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Vacuum sealing bags for winter preservation

Discussion in 'Tortoise Diet and Food' started by wellington, Sep 27, 2018.

  1. wellington

    wellington Well-Known Member Moderator 5 Year Member

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    Has anyone tried using those bags that you use your vacuum to suck the air out for preserving grasses, weeds, etc, for winter feeding?
    I used the food vacuum sealer before and it worked good but the machine started to fail way too quickly. I went through two of them before giving up.
    Then it hit me a couple days ago, when I got some grape leaves, that the vacuum storage bags might do the trick.
    So, although most of my grape leaves have dried out, I still vacuum sealed them and will see how it works. Will be doing the same too mulberry leaves and grass.
    Will update in a few weeks on the success or failure, unless someone responds with their results that has already tried this.
  2. T Smart

    T Smart Active Member 5 Year Member

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    If it works, I might just have to do the same thing! I try my best to vary the diet in the winter, but it's difficult and sometimes expensive. Let's hope winter isn't too harsh this year.
    wellington likes this.
  3. Iochroma

    Iochroma Well-Known Member

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    There is a well-known paper on blanching mulberry leaves before freezing them to use as food in the winter for silkworms. The take-away is a ten to 30 second blanche in boiling water before freezing is quite advantageous.
    This also reduced disease organisms. Vacuum sealing alone might create a condition for anaerobic pathogens to grow.
    RosemaryDW likes this.
  4. wellington

    wellington Well-Known Member Moderator 5 Year Member

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    Thanks, I will do a search to try and find it.
    I could possibly try freezing the bags after vacuum sealing them. I would think though, without air, nothing would be able too grow. I have no clue about that kind of stuff though. So far the grape leaf is in the exact same state as when I sealed them. I have not been able to do any of the others leaves. However, I am trying fresh cut grass just today. Have 2 large bags, will see how they do.
  5. Iochroma

    Iochroma Well-Known Member

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    Yes. Freeze them immediately. Things most certainly CAN grow without oxygen, and many of those things are very bad. Have you heard of Botulism?

    Here's the article on blanching if you want to dive in:
    https://www.jstage.jst.go.jp/article/kontyushigen1930/55/2/55_2_137/_pdf
    Last edited: Oct 9, 2018
  6. Will

    Will Well-Known Member 5 Year Member

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    Does any one see or have an issue with just drying and storing, not freezing? That's how the tortoises find many leaves on the ground.

    If we harvest fresh leaves, dry, and store in a cool dark dry place doesn't that cover all the points?

    I've been doing this for a few years now, no mold, change in taste (yes I try a few), and a simple dryer at low temps seems to do the job just fine. Stored in paper bags or plastic bags that are not sealed air tight, low air exchange at best/worst.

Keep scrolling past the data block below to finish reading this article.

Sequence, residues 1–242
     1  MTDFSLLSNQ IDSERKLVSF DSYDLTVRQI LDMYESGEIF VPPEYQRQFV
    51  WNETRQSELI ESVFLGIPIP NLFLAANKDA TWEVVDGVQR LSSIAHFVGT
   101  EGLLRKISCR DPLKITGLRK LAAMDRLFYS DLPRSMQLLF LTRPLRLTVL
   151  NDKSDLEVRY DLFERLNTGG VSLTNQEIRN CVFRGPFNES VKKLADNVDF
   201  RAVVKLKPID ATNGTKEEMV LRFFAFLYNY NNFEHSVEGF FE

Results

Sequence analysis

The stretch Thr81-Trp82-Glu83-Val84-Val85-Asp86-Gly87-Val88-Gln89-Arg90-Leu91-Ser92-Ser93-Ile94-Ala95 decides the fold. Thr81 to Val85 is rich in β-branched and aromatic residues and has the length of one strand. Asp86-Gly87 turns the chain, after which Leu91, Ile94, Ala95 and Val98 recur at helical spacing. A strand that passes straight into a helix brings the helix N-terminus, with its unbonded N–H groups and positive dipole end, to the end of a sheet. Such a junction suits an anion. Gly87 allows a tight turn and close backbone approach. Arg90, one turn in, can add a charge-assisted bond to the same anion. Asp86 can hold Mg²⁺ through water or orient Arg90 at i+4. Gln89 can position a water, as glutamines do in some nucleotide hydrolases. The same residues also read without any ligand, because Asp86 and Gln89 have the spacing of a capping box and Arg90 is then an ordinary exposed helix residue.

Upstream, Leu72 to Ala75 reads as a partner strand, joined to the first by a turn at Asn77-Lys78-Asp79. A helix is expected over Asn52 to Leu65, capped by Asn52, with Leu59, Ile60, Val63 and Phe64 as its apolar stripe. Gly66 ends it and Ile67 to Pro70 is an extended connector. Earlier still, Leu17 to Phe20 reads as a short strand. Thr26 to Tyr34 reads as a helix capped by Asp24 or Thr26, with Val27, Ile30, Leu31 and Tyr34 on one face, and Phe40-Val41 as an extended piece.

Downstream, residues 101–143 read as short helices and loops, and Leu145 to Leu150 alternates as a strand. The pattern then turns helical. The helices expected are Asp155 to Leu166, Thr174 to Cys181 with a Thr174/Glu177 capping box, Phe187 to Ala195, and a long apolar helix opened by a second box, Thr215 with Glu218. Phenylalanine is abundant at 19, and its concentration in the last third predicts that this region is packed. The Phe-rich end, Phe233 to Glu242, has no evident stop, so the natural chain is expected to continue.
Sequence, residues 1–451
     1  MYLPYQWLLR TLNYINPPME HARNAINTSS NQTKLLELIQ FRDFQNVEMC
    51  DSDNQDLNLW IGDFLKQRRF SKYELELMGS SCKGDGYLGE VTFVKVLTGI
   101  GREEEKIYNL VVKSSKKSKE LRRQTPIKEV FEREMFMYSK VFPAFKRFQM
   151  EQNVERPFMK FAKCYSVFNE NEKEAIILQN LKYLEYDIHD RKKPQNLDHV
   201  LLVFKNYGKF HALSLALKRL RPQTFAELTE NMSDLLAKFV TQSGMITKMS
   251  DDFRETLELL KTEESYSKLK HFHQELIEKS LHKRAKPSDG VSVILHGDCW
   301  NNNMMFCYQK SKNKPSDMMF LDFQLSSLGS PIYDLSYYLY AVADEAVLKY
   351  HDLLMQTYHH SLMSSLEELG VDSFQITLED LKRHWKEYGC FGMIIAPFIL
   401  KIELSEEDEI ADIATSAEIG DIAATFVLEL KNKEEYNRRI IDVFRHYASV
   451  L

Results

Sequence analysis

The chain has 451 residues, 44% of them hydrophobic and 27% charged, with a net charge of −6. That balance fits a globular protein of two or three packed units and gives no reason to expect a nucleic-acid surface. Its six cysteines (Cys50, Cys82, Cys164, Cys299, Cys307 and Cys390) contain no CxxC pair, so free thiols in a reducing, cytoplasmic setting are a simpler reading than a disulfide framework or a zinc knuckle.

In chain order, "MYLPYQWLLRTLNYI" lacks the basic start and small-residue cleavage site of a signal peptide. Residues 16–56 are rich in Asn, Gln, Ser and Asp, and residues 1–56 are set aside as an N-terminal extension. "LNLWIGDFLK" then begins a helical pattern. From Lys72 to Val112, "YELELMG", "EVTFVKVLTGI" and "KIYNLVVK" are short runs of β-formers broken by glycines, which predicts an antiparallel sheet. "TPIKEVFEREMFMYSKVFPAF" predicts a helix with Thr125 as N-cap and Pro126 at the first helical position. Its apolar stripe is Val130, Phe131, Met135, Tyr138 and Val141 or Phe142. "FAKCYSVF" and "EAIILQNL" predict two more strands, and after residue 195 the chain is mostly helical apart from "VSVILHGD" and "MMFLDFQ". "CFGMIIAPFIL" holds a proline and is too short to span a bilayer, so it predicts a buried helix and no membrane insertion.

7. Iochroma

    Iochroma Well-Known Member

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    Yes to Will. Drying, absolutely dry, as in using a food dryer, should reduce the chances of pathogens growing in storage.
  8. wellington

    wellington Well-Known Member Moderator 5 Year Member

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    i will not put anything that could still have bugs in/on them in my oven which is the only way I have to dry them.
    I don't have the room to let them dry naturally either. Tried that last year. Hanging them in mesh bags and trying to turn them so they would dry properly. It worked but not very well and couldn't do enough to last longer thru winter.
    The vacuum sealing takes no time and a lot less space.
  9. wellington

    wellington Well-Known Member Moderator 5 Year Member

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    i didn't consider botulism as it's not food but leaves. I also understood botulism to happen when there is a flaw in the seal of say can goods, etc.
  10. RosemaryDW

    RosemaryDW Well-Known Member TFO Supporter

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    Curious as to why you wouldn’t put them into the oven?
  11. wellington

    wellington Well-Known Member Moderator 5 Year Member

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    Bugs, don't want bugs crawling around in my house or where I cook my food. To dry out things in the oven the temp is only like 200. The thought that the bugs could crawl around in there before they die is disgusting and who knows if they could crawl out. No thanks.
    Besides the time they are in my house between getting them from bag to tray to oven.
  12. RosemaryDW

    RosemaryDW Well-Known Member TFO Supporter

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    Makes sense.
  13. Rdoyle225

    Rdoyle225 New Member

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    I have a 1/2 of iceberg that we eat for tacos we vacuum it it is still good it been 3 weeks or mor
  14. wellington

    wellington Well-Known Member Moderator 5 Year Member

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    Didn't realize I didn't update this. I sealed grass, grape and mulberry leaves, then put them in the freezer. This better work as I bought a freezer just for this.
    I hadn't had too take any out yet. I have dried ones I'm using now. I will make another update when something is opened.
    Morcomshane likes this.
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